East of Scotland Water
Company: Indus InternationalCustomer: East of Scotland WaterSubmitted by: The itpr PartnershipDate: October 2000New European legislation is opening up the UK’s water industry to competition. While not a privatised company, unlike the English and Welsh Water Companies, East of Scotland Water faces new competition in its region this year.
Underpinning its business development is the authority’s implementation of EMPAC, enterprise asset management (EAM) software from Indus International. Since the implementation the company has reduced stock levels by ten percent and attained key benefits in the areas of work management and purchasing.The authority is focusing its attention on providing cost effective services – maintaining high levels of quality but reducing costs by improved asset management and maintenance to reduce operational overheads. Using the inherent asset management functionality, East of Scotland Water is looking to deliver significant financial benefits through extending the life of assets throughout the enterprise, releasing money for capital reinvestment.
The Business Challenge
East of Scotland Water (ESW) is a public Water Authority formed in April 1996 as a result of local Government reorganisation in Scotland. It assumed control over the delivery of water and wastewater services, previously provided by four Regional Councils and the Central Scotland Water Development Board and now provides water and waste water services to households and commercial customers in Edinburgh, Lothians, Borders, Forther Valley and Fife.
The authority serves 1.58 million people with water and 1.43 million customers receive waste water services across over 10,000 sqkm, supplying around 723 million litres (159 million gallons) of water every day of the year.Once founded, expectations from both customers and industry regulators was that the new, larger business unit would deliver enhanced quality of product and service whilst reducing unit costs. The authority therefore focused on improving customer service, business efficiency and water quality standards as well as maintaining and improving assets.
THE EAM Imperative
The initial hurdle for the authority was to integrate the disparate systems and culture of the five organisations.
Underpinning that integration was a three to five year IT investment valued at £25million.Says Raymond Smith, ESW Operations and Projects Administrator, “As a business formed from five organisations there were a number of systems in use.” The five organisations included up to 12 major sites, as well as satellite stores and depots. Each organisation had its own working practices, data collecting, recording and reporting procedures. He says, “Before we could begin to deliver ESW’s core objectives we had to create a unified approach to operations management. It was clear that a new Enterprise Asset Management solution (EAM) would deliver business benefits and facilitate the drawing together of the business with a single set of processes and procedures,” he confirms.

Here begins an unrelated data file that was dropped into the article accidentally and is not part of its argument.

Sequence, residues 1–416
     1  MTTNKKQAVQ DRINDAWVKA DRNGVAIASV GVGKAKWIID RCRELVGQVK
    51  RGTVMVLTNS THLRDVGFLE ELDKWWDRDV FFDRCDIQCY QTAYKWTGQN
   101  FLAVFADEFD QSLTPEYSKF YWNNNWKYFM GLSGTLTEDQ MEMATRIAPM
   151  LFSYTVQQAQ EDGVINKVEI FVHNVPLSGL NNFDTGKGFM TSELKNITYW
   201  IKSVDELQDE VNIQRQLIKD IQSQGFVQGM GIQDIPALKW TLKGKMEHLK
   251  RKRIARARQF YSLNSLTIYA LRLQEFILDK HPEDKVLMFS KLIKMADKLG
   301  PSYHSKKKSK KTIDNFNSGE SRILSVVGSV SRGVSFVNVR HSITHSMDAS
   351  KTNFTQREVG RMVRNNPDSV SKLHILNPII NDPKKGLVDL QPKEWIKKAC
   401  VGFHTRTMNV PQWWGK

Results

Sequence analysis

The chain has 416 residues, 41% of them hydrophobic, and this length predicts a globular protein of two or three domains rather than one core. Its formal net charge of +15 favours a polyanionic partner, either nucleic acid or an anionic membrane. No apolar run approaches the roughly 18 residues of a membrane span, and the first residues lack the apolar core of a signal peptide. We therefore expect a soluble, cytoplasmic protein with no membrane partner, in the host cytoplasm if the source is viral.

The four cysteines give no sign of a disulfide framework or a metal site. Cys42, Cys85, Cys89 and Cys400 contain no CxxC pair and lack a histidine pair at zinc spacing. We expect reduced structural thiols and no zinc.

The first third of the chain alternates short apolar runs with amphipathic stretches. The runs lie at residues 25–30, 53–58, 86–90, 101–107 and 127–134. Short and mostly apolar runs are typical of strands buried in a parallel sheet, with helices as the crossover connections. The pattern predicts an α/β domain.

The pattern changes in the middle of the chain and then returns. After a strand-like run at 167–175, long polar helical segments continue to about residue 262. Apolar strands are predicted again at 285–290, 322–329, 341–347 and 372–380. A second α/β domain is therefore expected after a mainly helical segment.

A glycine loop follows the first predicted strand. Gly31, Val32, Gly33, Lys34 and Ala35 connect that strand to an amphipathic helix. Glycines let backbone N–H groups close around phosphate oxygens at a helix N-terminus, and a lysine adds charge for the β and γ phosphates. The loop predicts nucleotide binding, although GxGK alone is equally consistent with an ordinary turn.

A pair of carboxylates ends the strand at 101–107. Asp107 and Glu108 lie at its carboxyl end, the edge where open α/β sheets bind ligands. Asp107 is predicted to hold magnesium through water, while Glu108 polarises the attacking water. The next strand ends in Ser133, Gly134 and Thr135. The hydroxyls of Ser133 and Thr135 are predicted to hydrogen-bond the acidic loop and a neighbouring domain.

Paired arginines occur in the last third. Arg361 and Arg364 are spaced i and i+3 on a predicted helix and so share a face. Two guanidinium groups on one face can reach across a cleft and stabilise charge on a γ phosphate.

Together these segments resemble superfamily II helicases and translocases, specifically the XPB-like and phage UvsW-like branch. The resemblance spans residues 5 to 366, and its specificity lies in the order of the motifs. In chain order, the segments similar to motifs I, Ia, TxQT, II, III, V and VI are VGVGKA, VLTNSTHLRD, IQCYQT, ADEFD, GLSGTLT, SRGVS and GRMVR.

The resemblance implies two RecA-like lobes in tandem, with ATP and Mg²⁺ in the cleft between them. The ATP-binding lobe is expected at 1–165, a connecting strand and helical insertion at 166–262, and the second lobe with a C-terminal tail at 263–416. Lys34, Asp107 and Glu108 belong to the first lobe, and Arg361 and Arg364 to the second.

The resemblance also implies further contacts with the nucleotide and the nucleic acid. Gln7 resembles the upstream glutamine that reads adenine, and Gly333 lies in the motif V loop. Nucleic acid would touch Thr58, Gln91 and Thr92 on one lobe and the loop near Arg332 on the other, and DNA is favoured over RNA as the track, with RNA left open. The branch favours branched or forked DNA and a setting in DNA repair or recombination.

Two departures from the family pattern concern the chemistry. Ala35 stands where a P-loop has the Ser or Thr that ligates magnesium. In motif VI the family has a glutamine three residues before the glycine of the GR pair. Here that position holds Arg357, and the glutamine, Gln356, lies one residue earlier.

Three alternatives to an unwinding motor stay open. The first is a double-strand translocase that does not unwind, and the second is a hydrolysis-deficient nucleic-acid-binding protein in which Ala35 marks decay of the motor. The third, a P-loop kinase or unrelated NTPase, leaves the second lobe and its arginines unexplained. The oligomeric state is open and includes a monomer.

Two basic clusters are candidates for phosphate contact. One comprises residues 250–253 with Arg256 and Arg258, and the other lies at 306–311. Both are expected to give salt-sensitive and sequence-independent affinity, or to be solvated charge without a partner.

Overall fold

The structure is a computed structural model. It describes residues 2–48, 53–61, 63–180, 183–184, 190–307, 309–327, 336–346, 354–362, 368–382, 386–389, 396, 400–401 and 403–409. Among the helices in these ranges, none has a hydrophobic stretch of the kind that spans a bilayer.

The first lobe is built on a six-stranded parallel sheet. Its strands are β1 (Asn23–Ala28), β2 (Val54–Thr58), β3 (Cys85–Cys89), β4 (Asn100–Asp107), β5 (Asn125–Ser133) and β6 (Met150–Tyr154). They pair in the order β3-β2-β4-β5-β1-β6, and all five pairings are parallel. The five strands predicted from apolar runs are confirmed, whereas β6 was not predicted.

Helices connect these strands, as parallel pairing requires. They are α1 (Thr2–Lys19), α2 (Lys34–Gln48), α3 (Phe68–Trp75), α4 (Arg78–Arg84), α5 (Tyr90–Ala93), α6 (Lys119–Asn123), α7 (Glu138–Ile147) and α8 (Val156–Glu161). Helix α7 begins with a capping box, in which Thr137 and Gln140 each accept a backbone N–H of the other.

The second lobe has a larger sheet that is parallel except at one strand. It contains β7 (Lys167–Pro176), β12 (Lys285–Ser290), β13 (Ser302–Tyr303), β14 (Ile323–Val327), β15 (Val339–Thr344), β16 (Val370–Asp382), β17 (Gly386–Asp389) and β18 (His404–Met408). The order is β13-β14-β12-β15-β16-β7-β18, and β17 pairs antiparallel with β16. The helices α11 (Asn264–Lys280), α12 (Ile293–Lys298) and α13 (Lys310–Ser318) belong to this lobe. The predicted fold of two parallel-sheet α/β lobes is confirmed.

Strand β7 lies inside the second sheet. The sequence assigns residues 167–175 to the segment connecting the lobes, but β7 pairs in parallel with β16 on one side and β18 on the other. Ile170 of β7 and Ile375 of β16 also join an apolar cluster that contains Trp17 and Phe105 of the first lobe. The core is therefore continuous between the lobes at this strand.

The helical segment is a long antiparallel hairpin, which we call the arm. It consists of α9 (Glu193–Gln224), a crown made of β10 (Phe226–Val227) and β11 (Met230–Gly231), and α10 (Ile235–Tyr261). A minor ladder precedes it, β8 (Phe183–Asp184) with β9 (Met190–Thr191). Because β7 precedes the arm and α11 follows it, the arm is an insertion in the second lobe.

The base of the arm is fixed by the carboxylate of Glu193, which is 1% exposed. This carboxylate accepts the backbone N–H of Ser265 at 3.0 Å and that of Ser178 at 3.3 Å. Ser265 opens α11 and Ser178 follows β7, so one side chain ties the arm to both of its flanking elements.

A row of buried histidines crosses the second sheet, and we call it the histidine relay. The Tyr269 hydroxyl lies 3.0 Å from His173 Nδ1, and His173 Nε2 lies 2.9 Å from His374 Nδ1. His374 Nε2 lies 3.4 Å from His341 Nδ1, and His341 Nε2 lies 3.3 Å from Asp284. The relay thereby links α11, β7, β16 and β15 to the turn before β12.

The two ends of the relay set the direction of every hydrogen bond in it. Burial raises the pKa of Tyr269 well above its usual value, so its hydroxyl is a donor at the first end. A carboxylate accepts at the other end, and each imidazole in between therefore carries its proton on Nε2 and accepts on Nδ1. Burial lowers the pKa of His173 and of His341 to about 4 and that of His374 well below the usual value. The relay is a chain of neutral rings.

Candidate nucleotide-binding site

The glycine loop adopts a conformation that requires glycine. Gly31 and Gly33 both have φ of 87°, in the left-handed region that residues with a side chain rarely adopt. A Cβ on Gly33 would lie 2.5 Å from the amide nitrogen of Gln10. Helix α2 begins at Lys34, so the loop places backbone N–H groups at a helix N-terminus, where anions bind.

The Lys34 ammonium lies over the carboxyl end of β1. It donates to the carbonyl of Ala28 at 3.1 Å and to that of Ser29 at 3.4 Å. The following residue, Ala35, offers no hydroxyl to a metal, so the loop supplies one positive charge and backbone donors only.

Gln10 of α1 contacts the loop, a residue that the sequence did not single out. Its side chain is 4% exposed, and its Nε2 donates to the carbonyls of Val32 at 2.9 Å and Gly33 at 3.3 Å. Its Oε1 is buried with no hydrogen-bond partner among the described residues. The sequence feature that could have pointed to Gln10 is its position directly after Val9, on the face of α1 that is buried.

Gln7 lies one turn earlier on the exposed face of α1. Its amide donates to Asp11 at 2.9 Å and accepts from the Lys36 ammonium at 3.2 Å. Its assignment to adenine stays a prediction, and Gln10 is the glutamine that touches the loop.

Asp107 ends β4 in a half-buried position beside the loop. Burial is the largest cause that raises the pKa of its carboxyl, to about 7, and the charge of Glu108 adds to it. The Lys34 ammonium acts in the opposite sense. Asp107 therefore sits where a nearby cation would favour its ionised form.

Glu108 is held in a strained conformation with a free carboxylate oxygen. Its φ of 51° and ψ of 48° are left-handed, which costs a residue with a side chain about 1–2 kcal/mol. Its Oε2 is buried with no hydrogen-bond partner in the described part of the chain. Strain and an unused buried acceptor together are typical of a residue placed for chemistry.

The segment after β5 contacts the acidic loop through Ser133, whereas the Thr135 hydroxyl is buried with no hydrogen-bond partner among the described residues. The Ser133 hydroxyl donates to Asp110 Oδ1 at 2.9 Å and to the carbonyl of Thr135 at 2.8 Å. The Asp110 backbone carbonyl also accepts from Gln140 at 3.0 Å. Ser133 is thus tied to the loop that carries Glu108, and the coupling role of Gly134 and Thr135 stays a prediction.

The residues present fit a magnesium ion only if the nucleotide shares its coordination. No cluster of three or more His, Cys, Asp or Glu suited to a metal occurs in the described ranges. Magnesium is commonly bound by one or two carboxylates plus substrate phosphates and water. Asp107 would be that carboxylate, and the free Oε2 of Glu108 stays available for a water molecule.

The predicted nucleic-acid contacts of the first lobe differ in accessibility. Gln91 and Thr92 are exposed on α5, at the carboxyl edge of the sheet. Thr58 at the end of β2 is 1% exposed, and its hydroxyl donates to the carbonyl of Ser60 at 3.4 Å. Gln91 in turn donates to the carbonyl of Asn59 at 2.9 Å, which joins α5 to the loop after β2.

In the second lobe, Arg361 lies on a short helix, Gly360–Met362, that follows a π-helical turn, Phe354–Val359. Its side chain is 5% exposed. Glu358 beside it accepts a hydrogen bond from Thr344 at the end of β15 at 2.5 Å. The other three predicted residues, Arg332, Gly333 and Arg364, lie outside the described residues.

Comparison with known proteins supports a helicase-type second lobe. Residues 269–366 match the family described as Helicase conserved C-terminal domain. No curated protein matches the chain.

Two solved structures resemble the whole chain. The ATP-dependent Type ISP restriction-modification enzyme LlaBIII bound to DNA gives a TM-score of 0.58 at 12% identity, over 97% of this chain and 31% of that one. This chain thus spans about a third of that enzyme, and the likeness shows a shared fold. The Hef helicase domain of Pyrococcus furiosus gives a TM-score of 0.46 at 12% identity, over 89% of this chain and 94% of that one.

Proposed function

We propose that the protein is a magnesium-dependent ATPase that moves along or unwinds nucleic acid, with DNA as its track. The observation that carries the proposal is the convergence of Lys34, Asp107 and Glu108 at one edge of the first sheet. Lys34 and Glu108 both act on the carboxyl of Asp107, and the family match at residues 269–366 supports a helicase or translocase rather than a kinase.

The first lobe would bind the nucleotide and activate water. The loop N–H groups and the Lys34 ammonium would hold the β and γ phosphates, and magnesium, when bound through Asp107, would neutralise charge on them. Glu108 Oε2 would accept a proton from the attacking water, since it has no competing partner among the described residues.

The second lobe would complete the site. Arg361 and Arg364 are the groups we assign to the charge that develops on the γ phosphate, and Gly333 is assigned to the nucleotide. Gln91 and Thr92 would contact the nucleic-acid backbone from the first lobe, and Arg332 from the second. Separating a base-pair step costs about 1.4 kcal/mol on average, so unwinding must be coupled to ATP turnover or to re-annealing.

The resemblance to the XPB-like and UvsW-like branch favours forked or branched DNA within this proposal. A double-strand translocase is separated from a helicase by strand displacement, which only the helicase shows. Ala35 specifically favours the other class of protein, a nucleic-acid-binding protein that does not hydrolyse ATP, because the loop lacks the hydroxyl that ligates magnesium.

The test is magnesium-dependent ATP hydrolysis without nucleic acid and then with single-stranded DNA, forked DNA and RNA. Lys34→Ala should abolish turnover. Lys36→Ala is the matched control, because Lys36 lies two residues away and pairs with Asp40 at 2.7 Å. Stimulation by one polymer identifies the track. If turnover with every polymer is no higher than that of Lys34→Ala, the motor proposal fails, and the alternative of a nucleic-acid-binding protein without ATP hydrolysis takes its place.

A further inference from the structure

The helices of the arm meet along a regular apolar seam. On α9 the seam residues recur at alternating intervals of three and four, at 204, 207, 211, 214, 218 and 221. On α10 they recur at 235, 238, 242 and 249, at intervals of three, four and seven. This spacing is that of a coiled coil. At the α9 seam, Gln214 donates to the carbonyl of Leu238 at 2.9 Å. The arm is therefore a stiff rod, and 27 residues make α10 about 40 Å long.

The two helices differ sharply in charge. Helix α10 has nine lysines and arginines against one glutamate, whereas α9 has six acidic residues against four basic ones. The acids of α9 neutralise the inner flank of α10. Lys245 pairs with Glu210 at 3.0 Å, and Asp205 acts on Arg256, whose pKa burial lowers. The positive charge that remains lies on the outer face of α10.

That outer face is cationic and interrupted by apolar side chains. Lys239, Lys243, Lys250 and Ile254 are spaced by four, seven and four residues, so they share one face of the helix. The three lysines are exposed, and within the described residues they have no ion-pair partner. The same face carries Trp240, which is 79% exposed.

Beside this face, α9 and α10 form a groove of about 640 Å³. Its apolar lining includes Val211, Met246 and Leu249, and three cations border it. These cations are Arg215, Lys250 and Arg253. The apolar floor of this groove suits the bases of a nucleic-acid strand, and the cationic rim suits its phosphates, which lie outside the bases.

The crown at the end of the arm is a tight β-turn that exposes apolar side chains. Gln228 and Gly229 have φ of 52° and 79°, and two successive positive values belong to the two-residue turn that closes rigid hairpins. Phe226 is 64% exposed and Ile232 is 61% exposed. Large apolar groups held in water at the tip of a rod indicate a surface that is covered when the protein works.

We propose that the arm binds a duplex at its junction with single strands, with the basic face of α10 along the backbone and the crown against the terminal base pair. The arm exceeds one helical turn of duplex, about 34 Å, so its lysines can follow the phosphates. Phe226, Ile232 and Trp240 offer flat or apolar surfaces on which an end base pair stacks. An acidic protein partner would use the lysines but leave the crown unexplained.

ESW needed a total solution which could complement its change management strategy and help achieve the corporate goals, including efficiency savings of a 25 percent reduction in operating costs over three years.ESW has in excess of 39,000 assets and over 1,100 staff in operations alone and, says Smith, required a solid asset management and work management system. He adds, “We have an annual expenditure of £15-£20 million on material and services, so supply chain functionality was also an essential system requirement. The EAM solution had to deliver the functionality to reduce, plan and control stock and extend the life of our assets.”
EMPAC – the Best Solution
ESW’s IT strategy is based on best of breed solutions that run on Unix, Oracle and NT. The EAM had to be able to support up to 1,300 PCs on a wide area network.
Having assessed the market, the company opted for EMPAC from Indus International, which provides the core Asset Management, Work Management, Stores and Purchasing and Supply Chain Management functionality.Says Smith, “Most applications fell short on the width of functionality. EMPAC handles the interaction between modules well and had good job costing and maintenance scheduling.” He adds, “Critically, EMPAC could integrate both with Oracle Financials and a range of applications that we use in ESW.”EMPAC is tightly integrated with Oracle Financials, which is ESW’s corporate accounting application. Costing information from Asset Management, Work Management, Stores and Procurement module feeds through to Oracle Financials.